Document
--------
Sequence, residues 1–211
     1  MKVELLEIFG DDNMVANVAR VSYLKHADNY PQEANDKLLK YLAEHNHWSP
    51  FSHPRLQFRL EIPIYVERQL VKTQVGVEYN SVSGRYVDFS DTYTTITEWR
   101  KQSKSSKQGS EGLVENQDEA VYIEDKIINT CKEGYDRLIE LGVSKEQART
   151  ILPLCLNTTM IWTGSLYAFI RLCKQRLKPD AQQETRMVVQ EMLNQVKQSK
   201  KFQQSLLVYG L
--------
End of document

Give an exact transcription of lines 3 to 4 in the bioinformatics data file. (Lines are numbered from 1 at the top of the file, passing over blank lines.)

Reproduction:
    51  FSHPRLQFRL EIPIYVERQL VKTQVGVEYN SVSGRYVDFS DTYTTITEWR
   101  KQSKSSKQGS EGLVENQDEA VYIEDKIINT CKEGYDRLIE LGVSKEQART